Being My Sister’s Keeper

Causes

One in 32 Black women will be diagnosed in her lifetime.

 

That is a statistic that you hear once and have a hard time letting go of. Saturday was National Black HIV/Awareness Day (NBHAAD) and it inspired lots of conversations about the impact of HIV on the Black community and also discuss how we move forward in the fight against a disease that has impacted our community in such a devastating way.

A few years ago, the Kaiser Family Foundation found that nearly three in five Black people know someone living with HIV or who has passed away from AIDS. This is certainly my experience. Before starting The Red Pump Project, I knew someone living with HIV and I have met many others over the past six years – especially women of all ages.

On Saturday night at fundraiser dinner hosted by our Red Pump Atlanta team, spoken word artist Keisha Pooler performed an incredible piece focused on being our sister’s keeper. In the spirit of her performance and NBHAAD, here are three ways to help all of us fight this epidemic while supporting the women who we love.

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Oldie but goodie shot with Deedz (The Sassy Peach) || Photo: Chuckstr Photography

1. Leave the judgment at the door. I realize that this is easier said than done, but it is incredibly important. When we have open and honest dialogue about sexual health and behaviors, we create an environment that allows the women in our lives to ask questions and have deeper conversations about this important topic.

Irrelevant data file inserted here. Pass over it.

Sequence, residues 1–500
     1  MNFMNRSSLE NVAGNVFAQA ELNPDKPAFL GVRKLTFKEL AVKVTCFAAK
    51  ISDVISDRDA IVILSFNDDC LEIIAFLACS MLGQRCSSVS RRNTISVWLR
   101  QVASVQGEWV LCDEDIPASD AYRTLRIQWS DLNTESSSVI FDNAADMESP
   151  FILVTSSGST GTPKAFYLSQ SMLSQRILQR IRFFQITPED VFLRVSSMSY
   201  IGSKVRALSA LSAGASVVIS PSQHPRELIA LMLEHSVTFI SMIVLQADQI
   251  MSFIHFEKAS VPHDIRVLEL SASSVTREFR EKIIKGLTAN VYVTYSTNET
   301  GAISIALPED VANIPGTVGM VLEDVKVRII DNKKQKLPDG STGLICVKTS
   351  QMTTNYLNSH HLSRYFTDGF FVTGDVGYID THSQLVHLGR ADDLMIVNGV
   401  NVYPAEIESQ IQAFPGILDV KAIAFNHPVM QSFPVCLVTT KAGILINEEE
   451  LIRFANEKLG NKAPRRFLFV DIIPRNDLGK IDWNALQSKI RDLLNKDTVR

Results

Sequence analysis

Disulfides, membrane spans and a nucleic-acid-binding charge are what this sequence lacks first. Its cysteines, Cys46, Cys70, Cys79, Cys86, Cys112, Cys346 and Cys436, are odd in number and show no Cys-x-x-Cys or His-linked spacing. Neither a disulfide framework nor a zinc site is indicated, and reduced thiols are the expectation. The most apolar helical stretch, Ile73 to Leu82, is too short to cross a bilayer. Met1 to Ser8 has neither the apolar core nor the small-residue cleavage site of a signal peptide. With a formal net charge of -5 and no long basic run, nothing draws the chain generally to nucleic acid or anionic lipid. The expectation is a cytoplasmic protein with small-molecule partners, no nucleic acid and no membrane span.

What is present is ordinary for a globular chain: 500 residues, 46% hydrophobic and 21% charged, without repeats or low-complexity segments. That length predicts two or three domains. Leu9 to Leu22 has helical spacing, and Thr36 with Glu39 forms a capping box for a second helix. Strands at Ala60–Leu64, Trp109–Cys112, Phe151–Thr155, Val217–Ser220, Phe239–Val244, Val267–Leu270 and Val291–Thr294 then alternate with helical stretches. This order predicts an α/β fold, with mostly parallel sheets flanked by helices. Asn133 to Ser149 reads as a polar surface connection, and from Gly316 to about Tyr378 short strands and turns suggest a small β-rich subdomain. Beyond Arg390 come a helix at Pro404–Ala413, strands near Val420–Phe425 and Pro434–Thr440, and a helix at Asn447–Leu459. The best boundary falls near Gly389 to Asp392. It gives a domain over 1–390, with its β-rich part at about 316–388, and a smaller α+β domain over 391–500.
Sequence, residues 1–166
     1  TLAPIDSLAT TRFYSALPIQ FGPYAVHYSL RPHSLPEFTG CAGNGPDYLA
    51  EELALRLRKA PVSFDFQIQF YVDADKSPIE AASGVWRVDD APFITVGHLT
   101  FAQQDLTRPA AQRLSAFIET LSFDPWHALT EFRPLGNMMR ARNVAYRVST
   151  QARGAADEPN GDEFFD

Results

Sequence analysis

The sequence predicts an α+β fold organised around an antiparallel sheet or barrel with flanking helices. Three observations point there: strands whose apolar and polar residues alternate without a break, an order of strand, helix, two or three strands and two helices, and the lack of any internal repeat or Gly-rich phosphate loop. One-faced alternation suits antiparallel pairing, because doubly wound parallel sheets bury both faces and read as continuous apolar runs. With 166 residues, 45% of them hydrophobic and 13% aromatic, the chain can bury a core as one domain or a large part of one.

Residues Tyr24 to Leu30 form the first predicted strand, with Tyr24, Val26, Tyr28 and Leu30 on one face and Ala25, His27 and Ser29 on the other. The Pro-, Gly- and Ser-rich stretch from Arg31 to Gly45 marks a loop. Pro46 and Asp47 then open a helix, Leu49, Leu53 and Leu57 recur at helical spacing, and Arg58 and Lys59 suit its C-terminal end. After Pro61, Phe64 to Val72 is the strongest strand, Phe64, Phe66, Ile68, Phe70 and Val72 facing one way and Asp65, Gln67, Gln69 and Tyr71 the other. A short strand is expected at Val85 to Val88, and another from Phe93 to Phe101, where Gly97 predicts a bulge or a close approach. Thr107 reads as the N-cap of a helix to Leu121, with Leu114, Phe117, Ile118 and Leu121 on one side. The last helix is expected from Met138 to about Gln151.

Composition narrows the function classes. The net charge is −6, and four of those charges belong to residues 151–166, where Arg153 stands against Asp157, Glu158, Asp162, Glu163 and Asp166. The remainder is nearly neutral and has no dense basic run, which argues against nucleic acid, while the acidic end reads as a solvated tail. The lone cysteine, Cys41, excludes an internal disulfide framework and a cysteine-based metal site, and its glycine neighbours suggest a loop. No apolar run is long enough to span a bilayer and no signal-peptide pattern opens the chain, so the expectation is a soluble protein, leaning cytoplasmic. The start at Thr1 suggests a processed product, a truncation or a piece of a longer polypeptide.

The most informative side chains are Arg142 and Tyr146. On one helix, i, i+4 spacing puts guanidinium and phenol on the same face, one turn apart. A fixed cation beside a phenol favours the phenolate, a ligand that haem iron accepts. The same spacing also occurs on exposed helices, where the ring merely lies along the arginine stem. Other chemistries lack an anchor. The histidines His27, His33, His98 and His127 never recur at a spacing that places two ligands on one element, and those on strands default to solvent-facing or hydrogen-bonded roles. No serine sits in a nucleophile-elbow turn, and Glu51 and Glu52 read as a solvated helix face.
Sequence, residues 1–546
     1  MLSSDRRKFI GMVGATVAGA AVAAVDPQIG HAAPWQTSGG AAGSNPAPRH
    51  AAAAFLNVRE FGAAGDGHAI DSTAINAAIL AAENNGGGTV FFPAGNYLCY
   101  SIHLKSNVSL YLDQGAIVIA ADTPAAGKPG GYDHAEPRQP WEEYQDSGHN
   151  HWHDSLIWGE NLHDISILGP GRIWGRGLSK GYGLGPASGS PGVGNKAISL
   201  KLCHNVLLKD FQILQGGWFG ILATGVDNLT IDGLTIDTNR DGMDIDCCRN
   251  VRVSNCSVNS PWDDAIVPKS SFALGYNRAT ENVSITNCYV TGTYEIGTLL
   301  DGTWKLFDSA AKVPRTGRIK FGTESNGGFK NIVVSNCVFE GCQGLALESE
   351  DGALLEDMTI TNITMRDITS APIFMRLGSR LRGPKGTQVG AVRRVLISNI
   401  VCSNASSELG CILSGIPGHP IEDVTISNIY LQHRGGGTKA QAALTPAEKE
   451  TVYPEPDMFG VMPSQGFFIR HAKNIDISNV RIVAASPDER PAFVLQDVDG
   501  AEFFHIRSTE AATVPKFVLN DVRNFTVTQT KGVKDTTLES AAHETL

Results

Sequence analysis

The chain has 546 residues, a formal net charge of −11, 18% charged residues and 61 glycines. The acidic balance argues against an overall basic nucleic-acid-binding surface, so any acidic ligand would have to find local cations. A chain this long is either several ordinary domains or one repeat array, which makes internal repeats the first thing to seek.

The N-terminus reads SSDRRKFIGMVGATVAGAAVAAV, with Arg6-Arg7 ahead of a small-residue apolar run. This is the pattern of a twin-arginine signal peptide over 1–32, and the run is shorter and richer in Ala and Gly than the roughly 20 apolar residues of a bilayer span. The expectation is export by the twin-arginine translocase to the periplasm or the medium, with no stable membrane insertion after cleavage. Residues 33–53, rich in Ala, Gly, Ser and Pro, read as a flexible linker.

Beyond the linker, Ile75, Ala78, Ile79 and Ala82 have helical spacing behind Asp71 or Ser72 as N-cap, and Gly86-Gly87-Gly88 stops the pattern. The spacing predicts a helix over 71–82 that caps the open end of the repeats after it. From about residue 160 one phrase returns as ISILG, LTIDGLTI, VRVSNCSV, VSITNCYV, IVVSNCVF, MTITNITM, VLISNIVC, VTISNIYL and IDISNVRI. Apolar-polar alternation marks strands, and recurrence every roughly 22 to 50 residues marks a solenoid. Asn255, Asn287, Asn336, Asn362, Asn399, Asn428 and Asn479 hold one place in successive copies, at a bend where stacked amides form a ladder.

2. Get the facts about HIV – and share with your loved ones. There is so much wrong information floating around about HIV and other STIs. Having the right facts is a big step in the right direction. Start here for some facts about HIV and women.

3. Build up your sister’s self-esteem. Women are at higher risk for emotional and physical abuse and this can put many of us in situations that increase our risk of contracting HIV. Surround yourself with positive networks and look for opportunities to provide this support to other women in your community – especially to girls and young women.

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Have any other tips to share?

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